A couple of weeks ago, then, I decided to pick up a membership at the Vancouver Public Library, and I came home from that visit with three books: two mystery novels -- a favourite genre, but one I tend not to reread -- and an early novel by Elena Ferrante, one that reader Georgia had recommended to me. The latter, though, is the original Italian novel, La Figlia Oscura, and I'm unlikely to finish it in Italian in the time allotted by the library. What a wonderful resource, though, to find it on the shelf there. So far, I'm just trying to work my way through a few paragraphs a day, no expectation that my rudimentary Italian will get me through an entire novel, but absolutely tickled that I can understand what I'm reading as long as I continually consult my online dictionary. Particularly tickled that I didn't have to pay a penny for the experience. . . .
Of the mystery novels, I gave myself an escape-the-world day last week to gobble up the first of a series I spotted in a bookstore in Ottawa a few weeks ago, featuring a female prosecutor, Belfa Elkins, working in West Virginia. Although I'm glad I saved the $12 I would had to pay for a paperback copy of Julia Keller's A Killing in the Hills, I enjoyed it enough that I'll check the library shelves for more in the series. Bell (Belfa's nickname) is bright, feisty, and fairly recently a single parent of a teen-aged daughter, having been divorced just a few years. There's a hint that she may embark on some romance, but she has a dark past that she's also dealing with. There's also more than a hint that the series may get even better now that the groundwork's been laid -- I found myself caring much more about characters at about the halfway point. I'm further intrigued by the setting, which I don't know much of. Keller goes well beyond a physical sense of the geography, the flora and fauna, the architecture, and the weather. She also describes the socio-economic impact on this region of the downturn in coal mining, and she paints a compelling picture of the effects on a previously rural, even hermetic social structure of an all-too-connected and globalised world in which young people are very vulnerable and their elders despair of knowing how to help them.
Next up? The other mystery novel I picked up at the library is the second in Steve Burrows' Birder Murder mysteries, A Pitying of Doves. But before I begin it, I have to finish Teju Cole's Open City, a novel which is demanding a very different kind of attention and pacing. This was a novel I bought, knowing it will be one I return to (prompted to buy it, in fact, by a blogging friend's Instagram post in which she mentioned rereading it). A meditative and erudite consideration of the post-911 world, the Open City seeming to be New York, based on what I've read so far, but also referring perhaps to Lagos, to Brussels, to international cities that feature in our grand, collective imaginaries. The narrator is a psychiatrist, Nigerian-born and raised, but with roots also in Europe -- and in Europe's trauma -- now walking the streets of his adopted home, the city whose streets he walks, pondering the state of the world, of humanity.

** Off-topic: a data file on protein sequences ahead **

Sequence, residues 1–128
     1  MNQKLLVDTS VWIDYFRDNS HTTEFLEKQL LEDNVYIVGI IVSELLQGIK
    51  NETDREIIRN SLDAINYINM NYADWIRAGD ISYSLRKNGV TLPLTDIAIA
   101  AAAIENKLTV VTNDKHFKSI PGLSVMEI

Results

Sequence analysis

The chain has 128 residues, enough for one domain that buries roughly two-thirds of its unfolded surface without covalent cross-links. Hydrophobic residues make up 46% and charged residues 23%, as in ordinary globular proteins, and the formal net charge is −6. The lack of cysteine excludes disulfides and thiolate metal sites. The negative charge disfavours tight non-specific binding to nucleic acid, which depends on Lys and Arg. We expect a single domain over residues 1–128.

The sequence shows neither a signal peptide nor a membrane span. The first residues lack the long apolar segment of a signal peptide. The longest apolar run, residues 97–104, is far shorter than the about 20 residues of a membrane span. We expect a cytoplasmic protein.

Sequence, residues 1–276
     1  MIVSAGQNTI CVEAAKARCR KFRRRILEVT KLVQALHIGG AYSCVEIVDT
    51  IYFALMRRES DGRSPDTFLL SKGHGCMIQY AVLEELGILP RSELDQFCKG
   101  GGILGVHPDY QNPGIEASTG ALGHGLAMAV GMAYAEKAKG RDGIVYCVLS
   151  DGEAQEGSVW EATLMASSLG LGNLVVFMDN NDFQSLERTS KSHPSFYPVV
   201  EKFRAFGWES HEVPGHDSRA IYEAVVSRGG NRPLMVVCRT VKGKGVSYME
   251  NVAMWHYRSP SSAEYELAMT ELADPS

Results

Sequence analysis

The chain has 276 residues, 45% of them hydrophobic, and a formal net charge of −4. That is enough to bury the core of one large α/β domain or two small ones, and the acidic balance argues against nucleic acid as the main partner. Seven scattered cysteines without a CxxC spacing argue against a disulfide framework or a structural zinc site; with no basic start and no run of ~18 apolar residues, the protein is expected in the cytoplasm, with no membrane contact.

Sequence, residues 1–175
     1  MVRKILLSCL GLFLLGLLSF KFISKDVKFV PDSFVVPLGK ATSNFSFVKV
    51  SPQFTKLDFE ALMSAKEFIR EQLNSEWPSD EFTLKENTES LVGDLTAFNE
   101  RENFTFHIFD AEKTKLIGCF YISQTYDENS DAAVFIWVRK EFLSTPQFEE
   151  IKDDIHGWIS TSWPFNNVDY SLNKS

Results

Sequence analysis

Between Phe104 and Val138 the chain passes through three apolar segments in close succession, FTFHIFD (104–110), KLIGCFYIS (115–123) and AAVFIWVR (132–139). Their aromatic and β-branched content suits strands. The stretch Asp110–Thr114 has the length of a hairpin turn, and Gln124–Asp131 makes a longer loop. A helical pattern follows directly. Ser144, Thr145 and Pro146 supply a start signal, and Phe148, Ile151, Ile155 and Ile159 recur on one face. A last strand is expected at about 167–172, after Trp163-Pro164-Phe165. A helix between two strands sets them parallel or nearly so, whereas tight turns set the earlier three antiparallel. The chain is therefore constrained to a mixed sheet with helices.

I kept trying to remember, as I read through the first hundred pages or so, whose voice, whose tone, whose rhythm I was hearing. What was it that felt familiar? What did it feel familiar to? And I'd have to go back and read the two side by side, but what I think I'm feeling echoes of is W.G. Sebald's Austerlitz. Admittedly, Cole's style and structure don't challenge the reader with density and duration/length the way Sebald's do in Austerlitz. But both novels share gravitas, both span decades and countries insisting on connections across pathways we often try to ignore, both have a gentle urgency about the state of humanity and the world, both employ erudite pauses on what can appear to be arcana (more details than you ever wanted to know about bedbugs, in the case of Open City, for example). A stretch, perhaps, to link these two writers, but if you've read both, please weigh in. And if you've only read one, might I suggest/request you try the other, and then report back?
Oh dear, I've just Googled Open City, thinking I'd tell you which book prizes it was shortlisted for -- National Book Critics Circle Award and The Royal Society of Literature's Ondaatje prize -- and which it's won -- the PEN/Hemingway award -- and I see that the publisher's description of the book includes the phrase "The bestselling debut novel from a writer heralded as the twenty-first-century W. G. Sebald." I'm too chastened to go find out who heralded Coles as such, but I suppose I should also feel vindicated that others made the connection as well. So now, I'll just click on "Publish," and then wait for any comments you might care to share. . . read any good books lately?
And I'm curious to know what proportion of your reading involves books borrowed from the library. Also, tell me whether your library habits are regular or whether their erratic and involve shameful fines (my current fear. . . ).